is the study of the rate at which compounds react. This depends on several factors, including the area of contact between the materials, their concentrations, and the temperature
at which the reaction takes place. For a reaction k
A + m
B → C + D, the rate is typically something of the form
- d[C]/dt = k(T)[A]k'[B]m'
Here [X] denotes, for a reaction between liquids, gases, or solutes, the concentration
of X; for a reaction taking place at a boundary it would denote something like moles per area of X. k(T) is a rate constant that depends on temperature. The exponents k'
are called orders
and depend on the reaction mechanism, ie the sequence of steps (collisions) that the reaction takes place by, and in fact kinetics is one of the main ways of studying these. For a single-step reaction we would have
- d[C]/dt = ke-Ea/RT[A]k[B]m
is the activation energy
, the energy per mole it is necessary for the molecules to have to react. Since at temperature T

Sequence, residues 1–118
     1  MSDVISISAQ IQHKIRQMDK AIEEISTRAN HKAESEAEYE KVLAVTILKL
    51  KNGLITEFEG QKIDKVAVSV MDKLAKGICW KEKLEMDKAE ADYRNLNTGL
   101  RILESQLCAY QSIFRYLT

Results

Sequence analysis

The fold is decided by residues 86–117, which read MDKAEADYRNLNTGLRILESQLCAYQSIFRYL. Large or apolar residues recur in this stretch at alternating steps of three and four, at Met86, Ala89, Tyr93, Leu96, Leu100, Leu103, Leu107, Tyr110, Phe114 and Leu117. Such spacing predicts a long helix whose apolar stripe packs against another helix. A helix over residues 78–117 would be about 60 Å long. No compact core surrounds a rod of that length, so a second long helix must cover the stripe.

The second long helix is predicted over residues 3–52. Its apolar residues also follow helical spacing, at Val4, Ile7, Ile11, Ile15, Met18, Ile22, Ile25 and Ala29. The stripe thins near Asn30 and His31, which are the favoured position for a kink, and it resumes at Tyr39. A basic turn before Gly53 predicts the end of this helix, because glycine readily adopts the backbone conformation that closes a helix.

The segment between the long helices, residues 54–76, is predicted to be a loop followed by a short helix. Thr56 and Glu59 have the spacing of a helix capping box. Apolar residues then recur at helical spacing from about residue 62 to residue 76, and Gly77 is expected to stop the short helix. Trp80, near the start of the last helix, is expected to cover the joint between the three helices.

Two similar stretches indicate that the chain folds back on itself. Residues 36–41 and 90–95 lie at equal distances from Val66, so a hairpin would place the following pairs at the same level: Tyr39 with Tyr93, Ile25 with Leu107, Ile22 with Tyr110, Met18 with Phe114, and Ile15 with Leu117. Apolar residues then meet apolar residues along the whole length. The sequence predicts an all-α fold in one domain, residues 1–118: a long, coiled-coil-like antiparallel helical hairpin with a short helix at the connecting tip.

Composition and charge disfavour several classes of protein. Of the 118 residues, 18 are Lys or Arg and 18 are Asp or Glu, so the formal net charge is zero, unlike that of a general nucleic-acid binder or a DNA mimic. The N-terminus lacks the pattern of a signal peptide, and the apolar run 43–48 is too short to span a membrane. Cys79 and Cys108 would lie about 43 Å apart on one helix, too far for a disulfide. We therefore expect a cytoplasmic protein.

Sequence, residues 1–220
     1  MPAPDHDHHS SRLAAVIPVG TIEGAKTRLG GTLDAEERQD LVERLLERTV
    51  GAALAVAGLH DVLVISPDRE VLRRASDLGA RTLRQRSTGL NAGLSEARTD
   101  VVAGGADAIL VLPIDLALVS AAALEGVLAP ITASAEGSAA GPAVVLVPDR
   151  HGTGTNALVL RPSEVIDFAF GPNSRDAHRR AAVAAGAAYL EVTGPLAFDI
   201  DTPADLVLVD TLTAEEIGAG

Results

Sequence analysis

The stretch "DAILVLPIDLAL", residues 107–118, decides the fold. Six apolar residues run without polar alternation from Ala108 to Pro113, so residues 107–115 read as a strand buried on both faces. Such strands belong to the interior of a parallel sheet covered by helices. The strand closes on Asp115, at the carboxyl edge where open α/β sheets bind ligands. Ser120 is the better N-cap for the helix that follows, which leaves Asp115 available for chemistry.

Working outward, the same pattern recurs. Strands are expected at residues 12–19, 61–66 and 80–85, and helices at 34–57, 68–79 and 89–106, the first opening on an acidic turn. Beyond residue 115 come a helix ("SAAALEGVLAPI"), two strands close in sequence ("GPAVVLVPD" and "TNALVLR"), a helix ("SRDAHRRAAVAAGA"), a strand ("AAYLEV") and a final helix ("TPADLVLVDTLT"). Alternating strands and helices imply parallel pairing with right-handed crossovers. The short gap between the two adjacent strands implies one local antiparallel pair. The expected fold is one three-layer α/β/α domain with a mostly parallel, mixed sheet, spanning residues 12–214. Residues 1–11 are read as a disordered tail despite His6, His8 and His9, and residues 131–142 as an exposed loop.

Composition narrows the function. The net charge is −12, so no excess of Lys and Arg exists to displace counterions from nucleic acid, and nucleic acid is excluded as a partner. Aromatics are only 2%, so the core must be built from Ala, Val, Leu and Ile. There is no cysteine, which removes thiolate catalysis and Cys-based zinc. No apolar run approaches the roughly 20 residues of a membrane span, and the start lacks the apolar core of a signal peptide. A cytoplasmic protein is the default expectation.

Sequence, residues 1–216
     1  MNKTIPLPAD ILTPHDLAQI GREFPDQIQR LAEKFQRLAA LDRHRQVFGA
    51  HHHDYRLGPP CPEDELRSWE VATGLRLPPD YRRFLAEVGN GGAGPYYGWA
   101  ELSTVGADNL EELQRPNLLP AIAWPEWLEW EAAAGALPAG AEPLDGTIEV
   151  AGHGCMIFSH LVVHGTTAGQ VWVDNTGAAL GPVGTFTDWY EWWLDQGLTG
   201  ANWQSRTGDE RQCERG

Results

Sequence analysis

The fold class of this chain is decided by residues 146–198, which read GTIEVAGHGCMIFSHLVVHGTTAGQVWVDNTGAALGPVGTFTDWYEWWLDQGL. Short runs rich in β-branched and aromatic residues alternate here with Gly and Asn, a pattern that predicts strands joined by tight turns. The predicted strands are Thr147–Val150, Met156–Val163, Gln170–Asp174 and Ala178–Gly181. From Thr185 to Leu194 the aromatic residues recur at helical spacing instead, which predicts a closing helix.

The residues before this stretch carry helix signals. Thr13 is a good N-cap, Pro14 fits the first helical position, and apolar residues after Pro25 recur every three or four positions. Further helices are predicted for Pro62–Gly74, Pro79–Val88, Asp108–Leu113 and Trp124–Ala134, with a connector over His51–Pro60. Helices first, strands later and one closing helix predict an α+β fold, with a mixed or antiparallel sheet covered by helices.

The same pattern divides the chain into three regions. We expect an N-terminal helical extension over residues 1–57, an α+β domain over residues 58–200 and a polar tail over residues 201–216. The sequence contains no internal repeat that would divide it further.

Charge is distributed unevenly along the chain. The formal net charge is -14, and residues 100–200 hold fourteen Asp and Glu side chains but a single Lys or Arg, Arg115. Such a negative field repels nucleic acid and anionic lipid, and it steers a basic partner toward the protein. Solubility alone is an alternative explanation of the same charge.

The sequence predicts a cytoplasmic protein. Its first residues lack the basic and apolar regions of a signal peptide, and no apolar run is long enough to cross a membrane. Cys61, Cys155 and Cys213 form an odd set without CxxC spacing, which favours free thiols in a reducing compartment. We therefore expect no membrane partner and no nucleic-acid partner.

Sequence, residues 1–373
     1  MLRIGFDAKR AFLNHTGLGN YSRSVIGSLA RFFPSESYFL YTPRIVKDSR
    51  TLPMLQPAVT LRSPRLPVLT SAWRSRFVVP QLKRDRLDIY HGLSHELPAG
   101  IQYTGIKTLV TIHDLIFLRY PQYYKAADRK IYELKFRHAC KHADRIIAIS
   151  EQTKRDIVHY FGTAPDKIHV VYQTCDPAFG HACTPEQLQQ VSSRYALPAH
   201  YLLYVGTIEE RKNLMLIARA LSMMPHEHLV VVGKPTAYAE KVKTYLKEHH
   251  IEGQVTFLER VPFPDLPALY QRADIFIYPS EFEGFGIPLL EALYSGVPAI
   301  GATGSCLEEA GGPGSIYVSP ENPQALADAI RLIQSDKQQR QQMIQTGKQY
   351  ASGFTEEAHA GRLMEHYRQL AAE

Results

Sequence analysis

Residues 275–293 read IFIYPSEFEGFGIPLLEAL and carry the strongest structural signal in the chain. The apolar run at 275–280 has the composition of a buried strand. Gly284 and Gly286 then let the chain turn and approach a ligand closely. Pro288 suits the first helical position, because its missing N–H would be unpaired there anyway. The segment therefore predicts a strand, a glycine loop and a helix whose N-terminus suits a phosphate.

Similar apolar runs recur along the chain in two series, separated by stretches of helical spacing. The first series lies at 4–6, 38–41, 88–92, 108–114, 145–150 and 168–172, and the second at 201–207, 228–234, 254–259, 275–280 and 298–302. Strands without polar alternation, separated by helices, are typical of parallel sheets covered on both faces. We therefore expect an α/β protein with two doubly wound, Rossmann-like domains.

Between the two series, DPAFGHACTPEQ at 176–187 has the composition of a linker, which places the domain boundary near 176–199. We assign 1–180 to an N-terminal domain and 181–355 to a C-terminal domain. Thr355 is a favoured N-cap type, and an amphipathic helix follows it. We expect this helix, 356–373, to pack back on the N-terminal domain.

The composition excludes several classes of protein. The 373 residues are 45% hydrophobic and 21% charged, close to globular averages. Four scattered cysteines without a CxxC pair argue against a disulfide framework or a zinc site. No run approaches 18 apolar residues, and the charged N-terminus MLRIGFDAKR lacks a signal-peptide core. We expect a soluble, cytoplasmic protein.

the molecules have energies according to a Boltzmann distribution
, one can expect the proportion of collisions with energy greater than Ea to vary with e-Ea/RT
has to do with stuff like the probability that molecules are in the right orientation, and of course dimensions.
For most multi-step reactions the rate is determined primarily by a single slow step, with preceding steps proceeding quickly to a state of rough equilibrium. In general, concentrations of species are never determined solely by a single process, and as reactions occur the products begin to undergo the reverse reaction to some extent. Thus reactions never proceed to 100% completion but rather to a state of chemical equilibrium where every step occurs at the same rate as its reverse.
The Arrhenius equation gives the quantitative basis of the relationship between the activation energy and the rate at which a reaction proceeds.